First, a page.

He still had a fair bit to do, but he finished it brilliantly, particularly when you consider that it was the first goal of his professional career. Never mind his Scotland career. It was as good as it would get for the Scots though…


Ok, Scotland were up against arguably the most potent frontline in international football. But even still, the goals they lost – particularly the double from a French centre back - will grate on Clarke.

The Scotland manager prides himself on the defensive solidity of his team, so it would have been hugely frustrating for him to see his side concede such a simple equaliser so soon after going ahead.

It was a straightforward corner swung into the front post by Griezmann, and with both Nathan Patterson and Che Adams caught under the ball, it allowed Pavard to ghost in and glance a header in off the far post.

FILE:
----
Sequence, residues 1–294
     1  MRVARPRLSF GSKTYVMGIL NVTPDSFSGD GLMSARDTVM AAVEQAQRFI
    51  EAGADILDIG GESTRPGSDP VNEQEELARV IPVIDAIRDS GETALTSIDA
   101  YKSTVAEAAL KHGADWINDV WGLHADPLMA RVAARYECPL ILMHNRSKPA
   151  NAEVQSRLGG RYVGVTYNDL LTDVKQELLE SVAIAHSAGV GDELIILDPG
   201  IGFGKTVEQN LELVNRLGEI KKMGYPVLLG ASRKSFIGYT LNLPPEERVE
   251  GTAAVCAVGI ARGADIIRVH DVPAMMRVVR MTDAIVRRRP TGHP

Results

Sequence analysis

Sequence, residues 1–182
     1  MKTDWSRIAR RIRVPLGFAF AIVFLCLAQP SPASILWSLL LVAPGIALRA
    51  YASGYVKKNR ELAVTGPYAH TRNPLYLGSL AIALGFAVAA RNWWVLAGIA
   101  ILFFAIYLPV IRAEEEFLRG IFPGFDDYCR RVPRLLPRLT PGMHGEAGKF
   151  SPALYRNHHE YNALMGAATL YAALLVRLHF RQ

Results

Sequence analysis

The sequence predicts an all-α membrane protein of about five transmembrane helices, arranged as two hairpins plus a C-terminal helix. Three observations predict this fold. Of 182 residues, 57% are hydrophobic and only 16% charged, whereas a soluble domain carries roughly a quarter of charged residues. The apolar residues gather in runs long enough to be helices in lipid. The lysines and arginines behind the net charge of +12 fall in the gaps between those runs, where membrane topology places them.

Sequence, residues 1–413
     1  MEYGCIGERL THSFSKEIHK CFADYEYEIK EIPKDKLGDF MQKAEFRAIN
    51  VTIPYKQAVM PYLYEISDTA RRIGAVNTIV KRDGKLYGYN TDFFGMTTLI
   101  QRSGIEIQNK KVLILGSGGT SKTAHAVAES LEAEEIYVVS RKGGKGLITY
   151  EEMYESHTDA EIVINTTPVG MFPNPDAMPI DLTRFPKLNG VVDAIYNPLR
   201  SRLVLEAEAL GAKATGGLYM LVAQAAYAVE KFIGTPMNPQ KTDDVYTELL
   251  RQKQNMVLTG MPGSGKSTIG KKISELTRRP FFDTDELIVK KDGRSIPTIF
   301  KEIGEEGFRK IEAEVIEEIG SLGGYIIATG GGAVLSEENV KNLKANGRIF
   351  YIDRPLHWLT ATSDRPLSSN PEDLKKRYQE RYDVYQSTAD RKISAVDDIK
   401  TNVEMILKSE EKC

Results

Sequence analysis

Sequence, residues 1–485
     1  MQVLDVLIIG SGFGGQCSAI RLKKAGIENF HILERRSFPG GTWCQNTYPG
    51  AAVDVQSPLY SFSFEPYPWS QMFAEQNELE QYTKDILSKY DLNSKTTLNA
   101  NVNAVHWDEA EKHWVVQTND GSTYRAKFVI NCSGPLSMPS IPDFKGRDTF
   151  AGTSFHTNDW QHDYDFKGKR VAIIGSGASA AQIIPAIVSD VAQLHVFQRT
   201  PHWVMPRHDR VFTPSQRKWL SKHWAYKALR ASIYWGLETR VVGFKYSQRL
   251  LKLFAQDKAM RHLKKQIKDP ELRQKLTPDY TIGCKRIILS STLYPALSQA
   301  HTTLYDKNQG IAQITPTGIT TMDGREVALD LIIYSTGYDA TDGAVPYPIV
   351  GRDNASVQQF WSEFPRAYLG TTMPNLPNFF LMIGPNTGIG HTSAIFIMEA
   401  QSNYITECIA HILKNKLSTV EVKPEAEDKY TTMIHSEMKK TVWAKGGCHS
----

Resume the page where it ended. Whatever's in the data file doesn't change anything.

The Scots fell behind soon after, with a bit of magic from Mbappe allowing him to leave Jack Hendry for dead and clip a cross in for the arriving Pavard to head in his second of the evening. It was great play from perhaps the world’s best player, but the Scots were all over the place again, with striker Adams the closest man to Pavard again as he converted.

The third was especially frustrating in that VAR stuck its neb in to pick up a pull from Liam Cooper on Giroud, when as the defender pointed out, both players were clearly at it. You would absolutely have been claiming it at the other end, mind you.

The fourth came after the Scots had carelessly ceded possession, something they didn’t do all that regularly in fairness. But when they did, they couldn’t live with the lightning pace of the French attack, and that is the difference at the top level.


Both of Scotland’s back up keepers were rewarded for their patience – though, how much of a reward it was to be placed into such a firing line was debatable - with a half each here in place of Angus Gunn.

It was Motherwell man Kelly who was up first, and he looked emotional as he belted out Flower of Scotland prior to the game. Perhaps it was apprehension.